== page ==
Writer Lara Vapnyar shares her secret of success in New York

Lara Vapnyar: "I learned English watching 'Pretty Woman'." Source: AP

Lara Vapnyar: "I learned English watching 'Pretty Woman'." Source: AP

Struggling writers find it difficult to imagine how the author’s fiction was published in The New Yorker shortly after she learned English.

Lara Vapnyar could hardly speak English when she immigrated to the United States at the age of twenty-three, in 1994, three months’ pregnant. The experience was marred by morning sickness and the difficulties of immigrant life: “I hated everything,” she recalled in a video interview.

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'There are jews in my house' by Lara Vapnyar, 2003

She had the idea when she came to America she would get a “wonderful, exciting, amazing job,” she said, adding, that she “couldn’t find any job… I started writing by accident.”

Right away, Vapnyar began to write in English – a language she was still learning. Her English quickly became lyrical, and she realized she was a natural storyteller. She began writing about the Russian Jewish émigrés she knew.

As a young girl, Vapnyar dreamed of becoming either an actress or an adventurer. Life as a young émigré and new mother was hard work, but writing as “therapy” turned out to be much more promising than she had imagined.

She studied international literature at the City University of New York (CUNY). Her professor, Louis Menand, a staff writer for The New Yorker, noticed her literary talent and asked if he could show one of her stories to the magazine’s editors. That first story was never published, but the top editors at the illustrious magazine were intrigued.

The New Yorker published her next short story, about a young teacher in charge of a sex education class in Moscow, on June 13, 2003. “Love Lessons Mondays, 9 A.M.” was a magnificent literary debut.

“I had no clue what The New Yorker was,” Vapnyar laughed in an interview with RBTH. “Usually young writers work a lot to achieve it, they go through ups and downs, at some point they inevitably lose their hope and such,” said the pretty brunette with deep dark eyes and a bit of a shy smile. “I only realized retrospectively how important this was for me. Since I didn’t know what it was [The New Yorker], I wasn’t even worried – okay, someone’s going to read my story, big deal.”

Learning a new language

Vapnyar said the best way to learn to write in English is to read a lot and watch as many movies as possible. Even very simple books such as romance novels can be very helpful. “The kind you can buy at a pharmacy. They are very simple, even silly. Their language is very understandable, it’s easy to read and at times you even feel more educated than the author. So it makes you very self-confident, and then you can move on to more complicated writers.”

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 'Memoirs of Muse' by Lara Vapnyar, 2006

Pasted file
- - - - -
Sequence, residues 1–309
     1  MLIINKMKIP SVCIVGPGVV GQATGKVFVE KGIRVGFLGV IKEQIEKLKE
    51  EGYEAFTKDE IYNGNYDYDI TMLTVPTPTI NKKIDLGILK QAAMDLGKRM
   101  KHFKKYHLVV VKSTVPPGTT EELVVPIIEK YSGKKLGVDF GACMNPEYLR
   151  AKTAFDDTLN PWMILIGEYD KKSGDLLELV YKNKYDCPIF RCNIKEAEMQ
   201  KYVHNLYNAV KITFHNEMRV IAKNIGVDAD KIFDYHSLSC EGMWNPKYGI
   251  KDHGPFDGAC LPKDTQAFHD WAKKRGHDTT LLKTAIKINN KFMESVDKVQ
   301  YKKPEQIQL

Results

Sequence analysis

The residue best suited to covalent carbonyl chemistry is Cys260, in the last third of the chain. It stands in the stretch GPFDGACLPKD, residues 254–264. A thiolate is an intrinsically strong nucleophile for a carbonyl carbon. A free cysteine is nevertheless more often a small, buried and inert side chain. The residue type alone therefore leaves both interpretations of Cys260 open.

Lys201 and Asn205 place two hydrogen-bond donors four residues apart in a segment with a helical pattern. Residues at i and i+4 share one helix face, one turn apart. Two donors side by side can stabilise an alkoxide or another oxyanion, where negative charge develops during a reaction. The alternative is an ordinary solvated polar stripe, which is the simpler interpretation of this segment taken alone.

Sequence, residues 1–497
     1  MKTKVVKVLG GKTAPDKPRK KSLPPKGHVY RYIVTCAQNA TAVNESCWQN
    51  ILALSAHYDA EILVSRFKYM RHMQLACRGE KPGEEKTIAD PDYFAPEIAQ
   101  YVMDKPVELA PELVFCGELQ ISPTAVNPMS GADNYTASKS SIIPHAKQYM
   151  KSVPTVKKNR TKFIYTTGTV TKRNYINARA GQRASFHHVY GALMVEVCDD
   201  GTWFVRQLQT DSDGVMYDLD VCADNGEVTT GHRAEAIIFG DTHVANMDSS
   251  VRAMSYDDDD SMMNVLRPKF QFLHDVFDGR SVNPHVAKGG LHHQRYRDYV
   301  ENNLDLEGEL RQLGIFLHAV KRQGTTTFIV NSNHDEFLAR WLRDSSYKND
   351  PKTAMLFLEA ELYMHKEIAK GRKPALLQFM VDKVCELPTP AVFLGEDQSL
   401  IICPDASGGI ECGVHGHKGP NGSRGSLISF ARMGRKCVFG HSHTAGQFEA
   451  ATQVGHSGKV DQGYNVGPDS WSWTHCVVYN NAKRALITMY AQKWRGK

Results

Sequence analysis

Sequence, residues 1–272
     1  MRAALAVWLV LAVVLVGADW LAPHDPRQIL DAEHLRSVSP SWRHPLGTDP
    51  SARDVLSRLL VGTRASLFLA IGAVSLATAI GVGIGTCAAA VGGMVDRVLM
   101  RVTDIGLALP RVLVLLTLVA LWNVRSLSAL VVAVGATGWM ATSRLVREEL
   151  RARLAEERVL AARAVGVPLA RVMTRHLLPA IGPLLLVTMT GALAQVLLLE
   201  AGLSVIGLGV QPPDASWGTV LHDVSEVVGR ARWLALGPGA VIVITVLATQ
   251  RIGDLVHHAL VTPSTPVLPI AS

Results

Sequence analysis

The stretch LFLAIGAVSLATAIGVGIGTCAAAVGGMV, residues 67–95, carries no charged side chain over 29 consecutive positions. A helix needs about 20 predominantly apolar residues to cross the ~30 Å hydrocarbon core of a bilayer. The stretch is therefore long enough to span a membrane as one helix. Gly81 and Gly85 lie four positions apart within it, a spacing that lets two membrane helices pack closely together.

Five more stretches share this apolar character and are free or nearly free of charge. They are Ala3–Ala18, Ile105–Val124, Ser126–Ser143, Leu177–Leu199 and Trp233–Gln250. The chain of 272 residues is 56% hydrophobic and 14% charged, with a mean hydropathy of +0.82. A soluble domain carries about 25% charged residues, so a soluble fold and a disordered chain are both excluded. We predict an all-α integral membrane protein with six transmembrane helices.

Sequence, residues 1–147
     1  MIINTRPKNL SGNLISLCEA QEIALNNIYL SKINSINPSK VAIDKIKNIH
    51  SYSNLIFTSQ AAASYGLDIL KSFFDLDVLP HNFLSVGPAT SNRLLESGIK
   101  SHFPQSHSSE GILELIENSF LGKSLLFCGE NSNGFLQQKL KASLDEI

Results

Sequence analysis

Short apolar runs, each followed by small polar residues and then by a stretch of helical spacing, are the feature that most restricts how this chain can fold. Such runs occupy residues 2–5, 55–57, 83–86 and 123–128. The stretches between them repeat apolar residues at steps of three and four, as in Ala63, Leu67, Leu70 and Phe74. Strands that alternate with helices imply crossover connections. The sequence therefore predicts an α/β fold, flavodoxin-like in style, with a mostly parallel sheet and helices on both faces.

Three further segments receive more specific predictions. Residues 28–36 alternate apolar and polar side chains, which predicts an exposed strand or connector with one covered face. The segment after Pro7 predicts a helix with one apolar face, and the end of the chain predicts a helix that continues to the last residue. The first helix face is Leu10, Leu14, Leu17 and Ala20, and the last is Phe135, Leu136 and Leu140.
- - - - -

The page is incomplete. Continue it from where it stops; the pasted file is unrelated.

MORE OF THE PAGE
“I don’t know why this film, but I learned English watching “Pretty Woman.” I saw it so many times, until I understood every bit of conversation. It was 17 years ago, so I owe Garry Marshall big for my English,” she said.

Her collection of stories, “There are Jews in My House,” was published (Pantheon Books) in 2003. “Memoirs of a Muse,” her first novel, was published in 2006, and a 2008 collection is called “Broccoli and Other Tales of Food and Love.”

While she appreciates all readers, Vapnyar said she has a soft spot for Russian readers. When she first found out that she was published in Russian, she “was happy, but in a very different way. It was not the same feeling I had when I was told that my books are being translated into any other languages – German, Spanish, and Italian … It was like coming back to my childhood, a very warm and touching feeling.”

Also, criticism from Russians stings more, she said, “because I’m still Russian, so Russians’ opinion is that of someone close, and particularly significant,” she explained.  

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'Broccoli and other tales of Food and Love' by Lara Vapnyar, 2009

Yet the author doesn’t visit Russia very often. Over the last two decades she’s visited only twice, both times for work. “Last time was interesting, because I went there as an American writer, representing the U.S. Department of State,” Lara recalled.

She took her children, David, at that time 15, and Stephanie, then 13, to a

Russian school. “It was their first time in Russia, it was very exciting. They liked it a lot. I’d say teenagers are the same everywhere.” Both of her children speak Russian well, with a slight American accent, noticeable, as it turned out, only in Russia.

Currently, the author is writing a new novel called “Secrets of Staten Island.” Vapnyar also teaches creative writing at New York University and Columbia University. 

Even though she has made it as a writer, the author is concerned that fewer and fewer people still read books. So she especially values those who do, no matter where they come from. “I hope the readers read my stories not because they are wondering whether we are eating Russian salad for New Year’s Eve, but because of some deeper things. Such as, what people feel, how they fall in love, how they fall out of love.”

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